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There are three ways to look at Christian Evangelicals: as people of faith that follow a set of specific doctrines; as an organic network of traditions; or as a self-identified coalition that emerged during World War Two.[1] These doctrines, according to historian David Bebbington, are the belief in the need to change lives through conversion; expressing the message of the gospels through activism; a strong regard for the Bible as a guide for life; and stressing the importance of Christ’s sacrifice on the cross.[2]

According to the Institute for the Study of American Evangelicals (ISAE), when viewed as an organic network of traditions, evangelicalism "denotes a style as much as a set of beliefs. As a result, groups as disparate as black Baptists and Dutch Reformed Churches, Mennonites and Pentecostals, Catholic charismatics and Southern Baptists all come under the evangelical umbrella—demonstrating just how diverse the movement really is."[3]

The terms Fundamentalist, Born-Again, Pentecostal, and Charismatic denote specific and sometimes overlapping subsets of Christianity, and primarily are found within Protestant evangelicalism. To be Born-Again implies a specific personal religious conversion experience that involves a powerful sense of being imbued with the spirit of God. Fundamentalists tend to read the Bible literally, reject liberal church doctrine, and often shun secular society. Pentecostals and Charismatics believe they routinely manifest gifts from the Holy Spirit such as speaking in tongues or being swept up into physical ecstasy by the Lord of the Dance.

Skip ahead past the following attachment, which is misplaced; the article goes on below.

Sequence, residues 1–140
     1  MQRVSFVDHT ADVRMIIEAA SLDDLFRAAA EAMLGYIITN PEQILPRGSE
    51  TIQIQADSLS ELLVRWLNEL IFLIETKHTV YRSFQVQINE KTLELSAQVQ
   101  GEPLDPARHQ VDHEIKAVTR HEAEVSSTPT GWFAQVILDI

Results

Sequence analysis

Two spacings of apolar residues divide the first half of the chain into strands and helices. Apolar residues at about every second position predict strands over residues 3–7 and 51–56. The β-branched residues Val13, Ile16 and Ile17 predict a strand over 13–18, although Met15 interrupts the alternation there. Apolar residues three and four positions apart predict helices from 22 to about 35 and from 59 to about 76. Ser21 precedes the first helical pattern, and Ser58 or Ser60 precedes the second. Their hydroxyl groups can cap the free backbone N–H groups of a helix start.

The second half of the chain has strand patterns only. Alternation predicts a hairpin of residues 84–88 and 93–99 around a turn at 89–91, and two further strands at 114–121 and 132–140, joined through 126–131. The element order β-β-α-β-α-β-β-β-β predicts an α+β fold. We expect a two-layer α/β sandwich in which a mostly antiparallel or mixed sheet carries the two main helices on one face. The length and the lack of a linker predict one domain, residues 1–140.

In the broadest sense, according to Gallup polls, the number of persons in the United States who described themselves as either Evangelical or Born-Again between 1976 and 2001 fluctuated between 33 percent and 47 percent with a reasonable estimate being 35 percent of the population or just over 102 million people in 2003.[4]

1) Institute for the Study of American Evangelicals (ISAE). 2003. "Defining Evangelicalism." See, http://www.wheaton.edu/isae/defining_evangelicalism.html.

2) Ibid.

3) Ibid.

4) Princeton Religion Research Report. 2002. "Describing Self as Born-Again or Evangelical," bar graph, online. See, http://www.wheaton.edu/isae/Gallup-Bar-graph.html.

From "Religion and Politics in the U.S.: Nuances You Should Know" by Chip Berlet, the Public Eye Magazine, Political Research Associates. Released by permission of the author.

See Also: Apocalypse, Millennialism

External links

  • (Evangelical Demographics) "Religion and Politics in the U.S.: Nuances You Should Know" by Chip Berlet, Political Research Associates